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Peter Michael Winery and The University of Adelaide Partner to Develop Promising Technology to Combat Smoke Taint

Posted on May 25, 2021

May 25, 2021 – Australia – Today at the Australian National Wine Sector Bushfire Conference, Prof. Kerry Wilkinson (University of Adelaide) unveiled results from a new smoke taint protection technology – carbon activated (AC) hoods. In early trials the AC hoods showed promising results, protecting the grapes from 97% of smoke taint. 

Following the 2020 California fire season, Sir Peter Michael was compelled to initiate research on a possible solution that might protect maturing grape clusters from smoke taint. Enlisting the scientific minds of Peter Michael’s winemaker, Robert Fiore, also a geophysicist and oenologist, and Prof. Kerry Wilkinson in Adelaide, the team simulated real-world smoke conditions for the trials both in the field on the vine and in a controlled smoke box.

“After five years of California wildfires, we have accepted that they are now endemic and a global challenge,” reflects Sir Peter Michael. “I had the germ of an idea and with the scientific knowledge of Robert and Kerry, we were able to realize it with astounding results.” 

During trials, the grape clusters were covered with a specially woven activated carbon hood that allowed air ventilation but successfully trapped virtually all smoke particulates. Prof. Wilkinson showed examples and results for some of the completed experiments that proved the effectiveness of this new technology. 

Prof. Wilkinson stated, “We were pleased with the early results and extended those trials that demonstrated the carbon hood to be even more promising.” 

The early field trials involved the application of smoke to Sémillon grapevines and showed that enclosing fruit in the activated carbon hoods prevented exposure to smoke, such that the volatile phenols measured as chemical markers of smoke taint were barely detected in protected grapes - while concentrations up to 21 ug/L were found in smoke-exposed grapes.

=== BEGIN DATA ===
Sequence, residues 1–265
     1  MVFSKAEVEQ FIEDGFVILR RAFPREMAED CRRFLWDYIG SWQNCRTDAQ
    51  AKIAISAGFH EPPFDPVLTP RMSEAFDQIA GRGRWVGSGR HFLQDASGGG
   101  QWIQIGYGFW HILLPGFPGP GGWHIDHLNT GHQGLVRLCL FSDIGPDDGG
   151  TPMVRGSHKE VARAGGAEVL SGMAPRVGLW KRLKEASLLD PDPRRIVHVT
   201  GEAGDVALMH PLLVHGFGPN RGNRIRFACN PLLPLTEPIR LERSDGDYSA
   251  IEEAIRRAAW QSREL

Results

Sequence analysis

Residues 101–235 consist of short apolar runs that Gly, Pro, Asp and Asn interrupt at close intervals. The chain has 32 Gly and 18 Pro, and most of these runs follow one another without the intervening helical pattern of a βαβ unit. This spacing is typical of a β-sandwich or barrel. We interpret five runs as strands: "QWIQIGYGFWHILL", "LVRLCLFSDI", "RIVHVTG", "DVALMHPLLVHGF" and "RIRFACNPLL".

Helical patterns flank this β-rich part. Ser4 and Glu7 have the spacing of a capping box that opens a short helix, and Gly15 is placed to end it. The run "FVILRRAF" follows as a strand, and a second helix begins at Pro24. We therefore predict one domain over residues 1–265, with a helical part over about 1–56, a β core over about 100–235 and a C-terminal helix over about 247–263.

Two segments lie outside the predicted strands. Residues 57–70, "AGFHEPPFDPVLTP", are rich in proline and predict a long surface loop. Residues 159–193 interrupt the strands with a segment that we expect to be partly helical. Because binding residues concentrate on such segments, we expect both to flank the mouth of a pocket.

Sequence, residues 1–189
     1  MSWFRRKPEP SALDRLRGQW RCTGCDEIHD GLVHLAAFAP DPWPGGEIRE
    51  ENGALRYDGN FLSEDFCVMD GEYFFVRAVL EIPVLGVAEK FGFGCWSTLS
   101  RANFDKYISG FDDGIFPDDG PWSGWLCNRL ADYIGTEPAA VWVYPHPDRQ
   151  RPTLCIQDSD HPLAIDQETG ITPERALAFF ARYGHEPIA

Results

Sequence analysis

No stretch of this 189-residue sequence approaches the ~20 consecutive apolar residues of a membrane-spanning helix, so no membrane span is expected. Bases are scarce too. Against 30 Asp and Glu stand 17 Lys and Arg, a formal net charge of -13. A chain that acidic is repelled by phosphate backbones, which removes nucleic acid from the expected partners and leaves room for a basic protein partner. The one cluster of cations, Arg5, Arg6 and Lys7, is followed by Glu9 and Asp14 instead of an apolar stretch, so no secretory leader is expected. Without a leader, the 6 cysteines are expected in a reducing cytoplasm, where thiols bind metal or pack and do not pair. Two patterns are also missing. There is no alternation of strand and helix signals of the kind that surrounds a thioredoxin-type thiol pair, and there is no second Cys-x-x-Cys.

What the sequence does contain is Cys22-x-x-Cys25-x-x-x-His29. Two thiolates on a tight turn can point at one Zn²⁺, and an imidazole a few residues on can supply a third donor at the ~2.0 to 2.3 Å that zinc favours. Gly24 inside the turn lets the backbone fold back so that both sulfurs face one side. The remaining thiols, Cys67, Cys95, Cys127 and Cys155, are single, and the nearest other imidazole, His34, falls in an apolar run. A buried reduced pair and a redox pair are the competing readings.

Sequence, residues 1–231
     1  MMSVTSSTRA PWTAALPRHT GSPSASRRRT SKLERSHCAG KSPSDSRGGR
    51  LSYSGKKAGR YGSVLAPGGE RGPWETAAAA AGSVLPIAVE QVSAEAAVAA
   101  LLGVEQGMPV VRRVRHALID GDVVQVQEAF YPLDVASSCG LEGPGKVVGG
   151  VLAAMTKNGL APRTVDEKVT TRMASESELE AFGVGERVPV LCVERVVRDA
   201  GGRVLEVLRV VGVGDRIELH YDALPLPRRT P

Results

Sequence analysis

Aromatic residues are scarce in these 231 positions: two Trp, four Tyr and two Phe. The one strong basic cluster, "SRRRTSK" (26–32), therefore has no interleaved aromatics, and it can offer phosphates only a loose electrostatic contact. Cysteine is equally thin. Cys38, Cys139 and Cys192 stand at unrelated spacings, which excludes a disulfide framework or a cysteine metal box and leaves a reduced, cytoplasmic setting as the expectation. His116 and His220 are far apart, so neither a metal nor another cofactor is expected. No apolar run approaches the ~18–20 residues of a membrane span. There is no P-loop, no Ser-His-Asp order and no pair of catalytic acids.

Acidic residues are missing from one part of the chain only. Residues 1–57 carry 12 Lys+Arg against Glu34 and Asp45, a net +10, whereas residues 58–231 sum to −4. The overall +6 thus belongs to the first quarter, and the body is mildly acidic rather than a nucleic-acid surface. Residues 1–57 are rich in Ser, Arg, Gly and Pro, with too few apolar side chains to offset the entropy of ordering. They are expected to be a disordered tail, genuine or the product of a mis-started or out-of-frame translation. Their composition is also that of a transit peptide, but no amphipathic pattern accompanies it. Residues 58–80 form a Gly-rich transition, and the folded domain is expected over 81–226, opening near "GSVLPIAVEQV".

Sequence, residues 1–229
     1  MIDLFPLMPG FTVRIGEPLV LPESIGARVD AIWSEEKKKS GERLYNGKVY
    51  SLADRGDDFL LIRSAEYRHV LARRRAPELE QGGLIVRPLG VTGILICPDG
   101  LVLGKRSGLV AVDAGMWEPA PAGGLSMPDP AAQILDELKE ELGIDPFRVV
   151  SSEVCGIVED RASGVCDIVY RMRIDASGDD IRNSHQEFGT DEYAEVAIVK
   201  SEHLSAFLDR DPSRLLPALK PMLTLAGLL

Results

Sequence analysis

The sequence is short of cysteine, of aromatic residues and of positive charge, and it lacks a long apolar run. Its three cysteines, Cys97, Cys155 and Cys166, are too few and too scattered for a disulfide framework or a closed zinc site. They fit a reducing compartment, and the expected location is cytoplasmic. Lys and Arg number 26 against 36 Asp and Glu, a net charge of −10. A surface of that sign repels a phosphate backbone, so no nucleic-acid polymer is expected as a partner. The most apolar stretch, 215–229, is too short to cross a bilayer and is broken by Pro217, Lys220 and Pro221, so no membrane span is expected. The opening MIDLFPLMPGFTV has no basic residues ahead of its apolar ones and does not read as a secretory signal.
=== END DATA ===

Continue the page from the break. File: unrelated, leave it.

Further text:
“Winemakers and vineyard managers have been searching for a solution to smoke exposure for several years,” states Robert Fiore. “This new approach could be a proactive means for preventing smoke compounds from ever reaching the grapes. Much additional work is needed to make this a practical solution, but the science supports its effectiveness.” 

Trials were repeated on a larger scale with Mataro grapes, to allow wines to be made and analyzed. There were no significant compositional differences between the wines made with Mataro grapes enclosed in activated carbon fabric, and control wines (i.e. wines made with grapes that were not exposed to smoke). 

The team invites others to collaborate in this research program, including producers and manufacturers, to further develop and verify the technology.

About Peter Michael Winery 

In 1982, after six years of searching for land to serve as a family retreat and home of Peter Michael Winery, Sir Peter Michael and Lady Michael purchased 630 acres of volcanic ridges on the western face of Mount St. Helena in the Knights Valley AVA of Sonoma County. Drawing inspiration from the great wineries of Burgundy and Bordeaux, the family hired like-minded viticulturists and winemakers to help them create terroir-driven, estate sauvignon blanc, chardonnay, pinot noir, and cabernet sauvignon blends that would stand the test of time. 

Today, second-generation Paul Michael and his wife Emily, continue the vision adhering to the founding principles of mountain vineyards, classical winemaking, and limited production. All three estates, Knights Valley, Seaview (Sonoma Coast), and Oakville (Napa Valley), rest on steep hillsides ranging in elevation from 500 to over 2,000 feet and total 1,191 acres with only 201 acres under vine. With a commitment to sustainability, the remainder of the land is preserved as wildlife corridors and each estate carries the Fish Friendly Farming and Sustainable California Vineyard & Winery certifications. 

About The University of Adelaide 

The University of Adelaide is a place where world-leading researchers come together in first-class facilities to address some of the world's grand challenges. As a member of the Group of Eight, a coalition of Australia's most research-intensive institutions, the University is a destination of choice for highly talented researchers, students, government, and industry partners.


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